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Thread: For Programmers

  1. #1

    Default For Programmers

    For those of us who know how to program multiple programming languages, which is your favorite language?

    Mine right now is split between C# and Python, which are both languages I had dismissed in the past (C# as "that java clone" and Python as "sensitive to whitespace, meh"). However both of these traits have turned to advantages because:

    C# is a better java clone (compared to this, java sucks even more)
    It took me about a day to get used to the C# language from my Java experience. It'll take a bit longer to learn the .NET framework, but I can put that to use if I ever go on to learn VB properly.

    Python leads to clean code almost instinctively.
    Also the ability to do this
    Code:
    substr = str[5:8]
    is really cool.


  2. #2

    Default

    It depends on my goal.

    For data structures, I prefer C++ (with or without STL).

    For web-stuff, I tend towards PHP as it lets me cobble things together quickly, and later refine to build platform-agnostic code. I also really like its online function list (php.net) and innumerable plugin support (doxygen, PDO, etc.). Unfortunately, I'm yet to find an IDE that I like that permits context completion and context-sensitive help.

    I've used Ada, Scheme, and Lisp before - they're good at what they do, but I typically don't write code in these.

    I've not looked into Python, but it can be used to write pretty tight code (like Perl). Insofar as writing "clean" code, you could always write your own overloads (C++, for instance) and shoot yourself in the foot as needed (or in the face, as you may in C++).

  3. #3

    Default

    Scheme.

    I've written in a lot of languages (Haskell, Smalltalk, PL/B, PHP, Python, Rexx, C) But scheme takes the cake. First class functions, anonymous functions, a rock solid macro system (these are not your fathers C Preprocessor Macros), the fact that is methodologically agnostic, first class continuations, and easy syntax are just a few of the reasons why I like it.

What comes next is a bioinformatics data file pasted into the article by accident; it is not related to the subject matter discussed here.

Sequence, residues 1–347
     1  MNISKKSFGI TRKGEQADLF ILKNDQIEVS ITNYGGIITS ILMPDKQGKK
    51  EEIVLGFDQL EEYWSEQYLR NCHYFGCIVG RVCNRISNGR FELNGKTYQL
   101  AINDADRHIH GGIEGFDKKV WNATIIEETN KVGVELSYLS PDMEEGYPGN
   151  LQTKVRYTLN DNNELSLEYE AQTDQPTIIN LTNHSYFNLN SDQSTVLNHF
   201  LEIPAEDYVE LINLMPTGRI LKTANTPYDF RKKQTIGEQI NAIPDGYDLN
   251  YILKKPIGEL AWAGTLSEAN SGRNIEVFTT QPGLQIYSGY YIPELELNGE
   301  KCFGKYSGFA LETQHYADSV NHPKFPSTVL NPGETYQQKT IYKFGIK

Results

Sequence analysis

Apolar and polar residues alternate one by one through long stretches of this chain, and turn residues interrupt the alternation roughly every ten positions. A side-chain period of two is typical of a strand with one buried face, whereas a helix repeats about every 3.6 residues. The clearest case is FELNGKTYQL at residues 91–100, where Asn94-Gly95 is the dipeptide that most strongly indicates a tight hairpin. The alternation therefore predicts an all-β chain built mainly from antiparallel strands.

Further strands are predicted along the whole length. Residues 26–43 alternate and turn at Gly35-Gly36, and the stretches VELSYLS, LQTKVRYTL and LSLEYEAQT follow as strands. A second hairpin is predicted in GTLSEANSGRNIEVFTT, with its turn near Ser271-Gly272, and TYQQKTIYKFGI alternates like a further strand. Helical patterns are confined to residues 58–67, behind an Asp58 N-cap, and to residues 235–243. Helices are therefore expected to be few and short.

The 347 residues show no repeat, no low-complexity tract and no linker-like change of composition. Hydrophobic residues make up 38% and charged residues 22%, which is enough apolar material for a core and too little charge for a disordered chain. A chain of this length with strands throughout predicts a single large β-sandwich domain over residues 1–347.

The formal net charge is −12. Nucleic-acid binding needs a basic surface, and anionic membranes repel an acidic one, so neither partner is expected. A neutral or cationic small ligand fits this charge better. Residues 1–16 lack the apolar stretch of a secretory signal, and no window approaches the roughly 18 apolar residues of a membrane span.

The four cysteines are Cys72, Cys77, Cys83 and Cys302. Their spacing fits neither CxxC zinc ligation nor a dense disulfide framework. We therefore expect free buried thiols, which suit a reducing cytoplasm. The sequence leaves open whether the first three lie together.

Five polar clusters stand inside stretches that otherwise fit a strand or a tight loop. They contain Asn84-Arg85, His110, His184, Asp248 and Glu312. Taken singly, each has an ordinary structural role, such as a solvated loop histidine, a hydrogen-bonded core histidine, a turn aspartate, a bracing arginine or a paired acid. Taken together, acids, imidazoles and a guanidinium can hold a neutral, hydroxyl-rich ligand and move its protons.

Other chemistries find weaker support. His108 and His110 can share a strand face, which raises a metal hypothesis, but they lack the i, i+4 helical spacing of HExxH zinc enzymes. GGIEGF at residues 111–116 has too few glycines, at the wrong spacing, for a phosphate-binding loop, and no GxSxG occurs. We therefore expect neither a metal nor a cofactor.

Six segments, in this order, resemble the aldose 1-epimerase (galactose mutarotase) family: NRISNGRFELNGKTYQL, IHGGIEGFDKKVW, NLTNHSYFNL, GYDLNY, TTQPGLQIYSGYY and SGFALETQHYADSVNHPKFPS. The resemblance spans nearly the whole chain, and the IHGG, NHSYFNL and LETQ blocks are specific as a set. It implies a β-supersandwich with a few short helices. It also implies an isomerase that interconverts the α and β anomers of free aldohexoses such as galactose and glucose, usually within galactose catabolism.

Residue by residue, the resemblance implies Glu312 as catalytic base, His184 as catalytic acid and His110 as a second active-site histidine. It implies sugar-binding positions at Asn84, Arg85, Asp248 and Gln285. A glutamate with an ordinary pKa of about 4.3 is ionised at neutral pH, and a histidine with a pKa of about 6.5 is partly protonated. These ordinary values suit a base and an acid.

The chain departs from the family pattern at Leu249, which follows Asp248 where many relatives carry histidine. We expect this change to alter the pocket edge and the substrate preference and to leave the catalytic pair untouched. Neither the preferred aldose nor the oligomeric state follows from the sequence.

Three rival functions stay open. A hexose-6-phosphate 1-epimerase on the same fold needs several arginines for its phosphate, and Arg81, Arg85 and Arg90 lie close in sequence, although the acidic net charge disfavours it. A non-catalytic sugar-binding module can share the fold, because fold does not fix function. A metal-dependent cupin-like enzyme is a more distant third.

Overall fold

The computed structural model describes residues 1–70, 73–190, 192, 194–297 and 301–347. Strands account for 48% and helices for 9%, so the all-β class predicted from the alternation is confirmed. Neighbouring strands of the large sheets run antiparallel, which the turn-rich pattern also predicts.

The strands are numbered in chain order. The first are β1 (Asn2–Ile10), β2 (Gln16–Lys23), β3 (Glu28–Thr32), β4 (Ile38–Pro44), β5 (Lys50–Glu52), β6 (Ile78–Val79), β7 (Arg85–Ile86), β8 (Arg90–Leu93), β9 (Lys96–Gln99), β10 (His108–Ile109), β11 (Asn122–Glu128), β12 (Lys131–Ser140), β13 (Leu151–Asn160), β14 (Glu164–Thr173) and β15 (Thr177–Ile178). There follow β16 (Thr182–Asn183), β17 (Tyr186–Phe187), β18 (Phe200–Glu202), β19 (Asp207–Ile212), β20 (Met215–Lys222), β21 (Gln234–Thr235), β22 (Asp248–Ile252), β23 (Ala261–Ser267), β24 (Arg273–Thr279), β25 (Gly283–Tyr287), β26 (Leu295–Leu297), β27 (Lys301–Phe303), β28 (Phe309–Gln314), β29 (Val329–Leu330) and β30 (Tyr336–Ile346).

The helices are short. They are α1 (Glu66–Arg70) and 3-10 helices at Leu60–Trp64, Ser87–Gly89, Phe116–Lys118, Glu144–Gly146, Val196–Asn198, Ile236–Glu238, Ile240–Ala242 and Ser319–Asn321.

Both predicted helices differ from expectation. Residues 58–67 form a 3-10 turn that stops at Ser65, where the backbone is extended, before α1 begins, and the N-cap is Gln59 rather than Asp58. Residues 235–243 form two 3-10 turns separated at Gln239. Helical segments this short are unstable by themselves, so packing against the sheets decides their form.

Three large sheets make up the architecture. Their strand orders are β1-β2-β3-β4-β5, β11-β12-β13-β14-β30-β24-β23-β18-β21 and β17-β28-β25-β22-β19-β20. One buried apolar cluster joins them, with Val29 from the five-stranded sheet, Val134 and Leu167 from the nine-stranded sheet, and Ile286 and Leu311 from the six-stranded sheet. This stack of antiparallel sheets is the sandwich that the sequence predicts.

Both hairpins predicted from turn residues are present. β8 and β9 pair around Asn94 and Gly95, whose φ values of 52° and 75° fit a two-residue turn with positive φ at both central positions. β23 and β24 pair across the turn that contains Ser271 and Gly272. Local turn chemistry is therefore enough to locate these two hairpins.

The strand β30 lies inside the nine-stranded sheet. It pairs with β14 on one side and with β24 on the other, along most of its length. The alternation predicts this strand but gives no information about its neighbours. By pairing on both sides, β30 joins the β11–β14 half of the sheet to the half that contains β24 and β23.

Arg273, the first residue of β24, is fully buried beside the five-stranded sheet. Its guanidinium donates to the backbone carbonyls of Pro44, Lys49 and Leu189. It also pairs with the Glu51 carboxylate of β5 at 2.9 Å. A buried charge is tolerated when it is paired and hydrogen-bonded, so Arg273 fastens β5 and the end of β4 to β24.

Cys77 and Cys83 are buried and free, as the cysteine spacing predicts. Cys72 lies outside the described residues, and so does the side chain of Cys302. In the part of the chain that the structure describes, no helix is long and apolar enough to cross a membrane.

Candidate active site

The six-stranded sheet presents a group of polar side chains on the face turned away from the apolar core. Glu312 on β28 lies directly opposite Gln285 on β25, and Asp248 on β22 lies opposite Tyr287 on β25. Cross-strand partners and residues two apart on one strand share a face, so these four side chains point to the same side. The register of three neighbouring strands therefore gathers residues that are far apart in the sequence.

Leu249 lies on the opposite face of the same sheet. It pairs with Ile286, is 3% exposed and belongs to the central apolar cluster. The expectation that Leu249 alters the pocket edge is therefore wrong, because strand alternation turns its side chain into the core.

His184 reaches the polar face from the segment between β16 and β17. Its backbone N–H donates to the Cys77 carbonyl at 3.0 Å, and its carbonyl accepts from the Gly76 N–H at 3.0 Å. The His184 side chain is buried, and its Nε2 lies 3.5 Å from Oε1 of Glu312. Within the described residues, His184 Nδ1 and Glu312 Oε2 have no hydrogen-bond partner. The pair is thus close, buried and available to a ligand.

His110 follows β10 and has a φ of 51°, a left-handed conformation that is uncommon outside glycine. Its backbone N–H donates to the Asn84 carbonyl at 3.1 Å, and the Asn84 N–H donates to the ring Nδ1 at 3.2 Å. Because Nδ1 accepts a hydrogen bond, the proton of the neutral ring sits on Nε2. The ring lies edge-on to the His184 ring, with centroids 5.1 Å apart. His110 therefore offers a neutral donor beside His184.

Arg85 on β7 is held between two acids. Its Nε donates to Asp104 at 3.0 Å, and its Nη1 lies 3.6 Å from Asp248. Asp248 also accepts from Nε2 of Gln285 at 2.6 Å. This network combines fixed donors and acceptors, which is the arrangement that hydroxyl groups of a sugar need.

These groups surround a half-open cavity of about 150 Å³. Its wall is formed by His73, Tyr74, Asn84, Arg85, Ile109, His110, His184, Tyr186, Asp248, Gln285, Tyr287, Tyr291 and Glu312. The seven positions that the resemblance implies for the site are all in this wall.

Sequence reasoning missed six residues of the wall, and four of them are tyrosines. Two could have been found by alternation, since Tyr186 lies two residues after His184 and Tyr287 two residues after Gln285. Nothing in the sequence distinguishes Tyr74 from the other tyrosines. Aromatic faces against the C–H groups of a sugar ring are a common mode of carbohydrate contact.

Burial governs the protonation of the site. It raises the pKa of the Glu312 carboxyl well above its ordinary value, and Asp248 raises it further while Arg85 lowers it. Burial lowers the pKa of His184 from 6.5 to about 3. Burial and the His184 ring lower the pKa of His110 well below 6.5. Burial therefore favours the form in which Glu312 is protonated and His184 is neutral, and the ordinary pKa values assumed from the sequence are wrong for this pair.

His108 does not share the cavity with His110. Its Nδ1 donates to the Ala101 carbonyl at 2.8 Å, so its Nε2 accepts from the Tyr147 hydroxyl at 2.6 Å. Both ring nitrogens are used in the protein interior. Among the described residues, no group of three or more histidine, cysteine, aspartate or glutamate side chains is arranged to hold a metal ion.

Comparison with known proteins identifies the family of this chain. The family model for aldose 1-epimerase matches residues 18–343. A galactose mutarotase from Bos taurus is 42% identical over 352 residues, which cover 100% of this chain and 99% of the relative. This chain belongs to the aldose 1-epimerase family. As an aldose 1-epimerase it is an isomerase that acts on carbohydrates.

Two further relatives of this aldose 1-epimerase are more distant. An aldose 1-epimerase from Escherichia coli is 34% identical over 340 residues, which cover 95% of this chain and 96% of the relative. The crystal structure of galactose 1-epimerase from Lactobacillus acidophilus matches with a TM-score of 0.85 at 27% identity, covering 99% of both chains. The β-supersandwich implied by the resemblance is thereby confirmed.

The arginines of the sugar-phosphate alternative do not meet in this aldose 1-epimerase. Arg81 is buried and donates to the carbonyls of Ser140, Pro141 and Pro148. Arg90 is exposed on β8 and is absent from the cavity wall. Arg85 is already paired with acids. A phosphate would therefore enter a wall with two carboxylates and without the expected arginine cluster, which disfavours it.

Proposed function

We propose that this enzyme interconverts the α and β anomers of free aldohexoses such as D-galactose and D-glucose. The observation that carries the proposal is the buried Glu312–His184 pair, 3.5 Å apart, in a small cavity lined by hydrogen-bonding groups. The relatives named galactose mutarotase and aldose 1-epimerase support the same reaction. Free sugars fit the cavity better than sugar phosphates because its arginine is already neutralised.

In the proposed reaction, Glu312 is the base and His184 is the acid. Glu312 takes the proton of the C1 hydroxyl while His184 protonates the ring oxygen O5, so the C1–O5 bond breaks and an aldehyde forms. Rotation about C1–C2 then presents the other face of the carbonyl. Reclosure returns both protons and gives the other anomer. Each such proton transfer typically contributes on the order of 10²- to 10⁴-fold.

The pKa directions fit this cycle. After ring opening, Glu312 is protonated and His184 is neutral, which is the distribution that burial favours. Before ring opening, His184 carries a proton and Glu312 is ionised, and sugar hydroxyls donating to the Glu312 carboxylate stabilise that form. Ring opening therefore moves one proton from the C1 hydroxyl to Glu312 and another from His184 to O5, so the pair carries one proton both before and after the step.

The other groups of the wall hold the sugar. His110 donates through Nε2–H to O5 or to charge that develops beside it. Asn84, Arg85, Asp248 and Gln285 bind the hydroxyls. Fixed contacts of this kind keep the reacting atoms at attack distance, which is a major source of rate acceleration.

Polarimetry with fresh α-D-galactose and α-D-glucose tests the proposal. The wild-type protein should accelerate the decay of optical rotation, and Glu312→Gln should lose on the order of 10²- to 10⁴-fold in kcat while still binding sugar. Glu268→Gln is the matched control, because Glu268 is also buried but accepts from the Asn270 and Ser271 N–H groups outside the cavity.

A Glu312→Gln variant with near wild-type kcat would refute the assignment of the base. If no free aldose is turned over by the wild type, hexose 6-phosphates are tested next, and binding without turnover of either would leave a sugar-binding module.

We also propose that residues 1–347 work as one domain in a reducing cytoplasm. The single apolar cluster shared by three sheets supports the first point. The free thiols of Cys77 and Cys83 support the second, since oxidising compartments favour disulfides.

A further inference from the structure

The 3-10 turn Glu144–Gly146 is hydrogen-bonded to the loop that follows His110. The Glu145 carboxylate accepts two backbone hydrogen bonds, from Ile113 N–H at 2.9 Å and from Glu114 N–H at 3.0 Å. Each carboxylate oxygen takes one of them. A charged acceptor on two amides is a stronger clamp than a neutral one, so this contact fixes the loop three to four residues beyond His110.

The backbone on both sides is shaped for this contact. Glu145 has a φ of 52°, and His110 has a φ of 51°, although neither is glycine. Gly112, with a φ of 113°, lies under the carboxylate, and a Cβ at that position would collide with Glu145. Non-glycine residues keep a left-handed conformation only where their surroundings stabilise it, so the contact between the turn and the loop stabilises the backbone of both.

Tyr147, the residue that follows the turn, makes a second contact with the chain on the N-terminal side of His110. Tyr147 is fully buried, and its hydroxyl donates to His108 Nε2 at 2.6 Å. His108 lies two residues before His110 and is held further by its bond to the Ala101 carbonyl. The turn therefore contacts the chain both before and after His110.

The biggest problem with scheme is that unlike Java or Python, there are a bunch of different implementations of scheme, each with their own pros and cons.

    My favorite implementation thus-far is Gambit Scheme. It is self-hosting, and compiles to C.

  4. #4

    Default



    Quote Originally Posted by sissybecky View Post
    Scheme.

    I've written in a lot of languages (Haskell, Smalltalk, PL/B, PHP, Python, Rexx, C) But scheme takes the cake. First class functions, anonymous functions, a rock solid macro system (these are not your fathers C Preprocessor Macros), the fact that is methodologically agnostic, first class continuations, and easy syntax are just a few of the reasons why I like it.

    The biggest problem with scheme is that unlike Java or Python, there are a bunch of different implementations of scheme, each with their own pros and cons.

    My favorite implementation thus-far is Gambit Scheme. It is self-hosting, and compiles to C.
    Actually there are many implentations of Java aswell. After Sun's the biggest is gcj (GNU compiler for Java) which compiles the same as gcc. Although they will all take the same code unlike c++ compilers

  5. #5

    Default



    Quote Originally Posted by sissybecky View Post
    [T]here are a bunch of different implementations of scheme, each with their own pros and cons.

    My favorite implementation thus-far is Gambit Scheme. It is self-hosting, and compiles to C.
    Aha! It may be time for me to take another look at Scheme.

    /me thinks you've owned an Amiga at some point in your life.

  6. #6

  7. #7

    Default

    Right now I'd have to say probably python. It's just easy to do what you need to do, and when you need more control it's easy to interface with C code.

  8. #8

    Default

    Well, I'll start off by saying the ones I know (though haven't really mastered).... Python, Basic (on Apple II computers and through Liberty Basic), C++, and HTML (though that's not technically considered a programming language). Python seems to be my favorite right now.

  9. #9

    Default

    I'd have to say I'm torn between Python and C/C++ at the moment. I do most of my web programming in PHP, but I much prefer Python for that and for smaller apps and scripts, and I've been doing larger projects in C++ and I just love the sheer speed I get out of a C++ app.

  10. #10

    Default

    c++ and html, im not sure why i like html but every time i use it i go yay, i think it cause it was the first one i lernt

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